Have you been to Northeastern University’s arboretum? You might have. You just didn’t know it.
The university’s Boston campus has recently been recognized as an arboretum, according to its statement last week.
More than 1,400 trees from 143 species line walkways and open spaces. Many are there thanks to Chuck Doughty, program director of landscaping grounds at the university.
“I couldn’t wait to tell my colleagues and the people I’m surrounded by,” said Doughty, who has been involved with working on the grounds since the 1980s. “It’s something I’ve been working on for a year and a half to 2 years, so it was great to finally have it happen.”
The accreditation officially came in early May from arboreta nonprofit ArbNet. It’s a Level II accreditation. That means that beyond the basics of having a strategic plan, a governing board, public programming, and an inventory of every tree and woody plant on its campus, the university is host to more than 100 tree species, has a policy that dictates how the trees are acquired and maintained, and offers public educational programming.
Doughty gives tours of the trees around campus, telling people the trees’ history and why each one fits best in its location.
The arboretum is the only one on a college campus in Boston, Doughty said. Harvard University’s Arnold Arboretum is located in Boston’s Jamaica Plain and Roslindale sections, but the university’s campus is in Cambridge.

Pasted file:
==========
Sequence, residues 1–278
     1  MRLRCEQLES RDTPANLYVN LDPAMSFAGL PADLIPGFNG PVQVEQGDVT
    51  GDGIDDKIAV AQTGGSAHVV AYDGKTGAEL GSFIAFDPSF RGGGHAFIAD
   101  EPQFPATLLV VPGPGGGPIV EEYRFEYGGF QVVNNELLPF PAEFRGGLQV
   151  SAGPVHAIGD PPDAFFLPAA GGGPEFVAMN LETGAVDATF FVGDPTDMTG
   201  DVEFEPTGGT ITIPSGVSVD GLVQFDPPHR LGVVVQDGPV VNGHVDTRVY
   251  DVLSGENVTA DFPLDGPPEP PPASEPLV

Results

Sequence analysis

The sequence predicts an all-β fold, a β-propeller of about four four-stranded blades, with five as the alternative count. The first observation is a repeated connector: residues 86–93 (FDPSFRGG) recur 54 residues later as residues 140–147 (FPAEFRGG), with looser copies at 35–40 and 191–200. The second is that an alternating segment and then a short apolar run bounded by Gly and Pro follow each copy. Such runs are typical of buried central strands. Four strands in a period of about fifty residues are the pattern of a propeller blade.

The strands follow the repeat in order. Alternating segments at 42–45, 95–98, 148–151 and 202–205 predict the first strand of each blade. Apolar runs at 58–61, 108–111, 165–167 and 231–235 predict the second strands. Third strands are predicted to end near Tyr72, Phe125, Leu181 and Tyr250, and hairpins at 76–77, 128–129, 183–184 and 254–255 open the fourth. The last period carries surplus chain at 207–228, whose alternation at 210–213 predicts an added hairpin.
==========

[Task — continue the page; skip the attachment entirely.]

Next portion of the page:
The process started years ago, when those who worked on the Northeastern grounds looked to see what kind of trees they could plant, Doughty said. This required some experimentation, as much of the land was marshland that was filled in the 1800s, he said.
The urban fill, frequently fragments of brick and other debris, doesn’t provide ideal conditions for all trees, Doughty said. It was a struggle to determine what types of trees would work best to provide shade, exist next to walkways without affecting them, or work best next to a garden, he said.
“Over time, we came up with some that work well,” Doughty said.
The official process started about two years ago. Doughty on his own made a physical map and inventory of the trees on campus. Over time, that turned into a digital map. Eventually, the university stepped in to help, which “really got the ball rolling,” he said.
With the help of consultants, Doughty and his team sent the application out for accreditation on April 26, which was also Arbor Day. Less than two weeks later, the campus was approved.
“It just seemed like a really important thing to do to qualify what we do here,” Doughty said.
So what makes a good arboretum?
While some trees are planted for utilitarian reasons such as providing shade, others are planted for ornamental value, especially if they have a nice color in the fall or nice blossoms in the spring, Doughty said. However, he said, at the end of the day arboreta are more than just their aesthetic value.
“The biggest reason to have an arboretum is not about the trees, it’s about the people,” he said. “The campus is very busy with a lot of people, and arboretums are about trees, but they’re really about how people interact with nature.”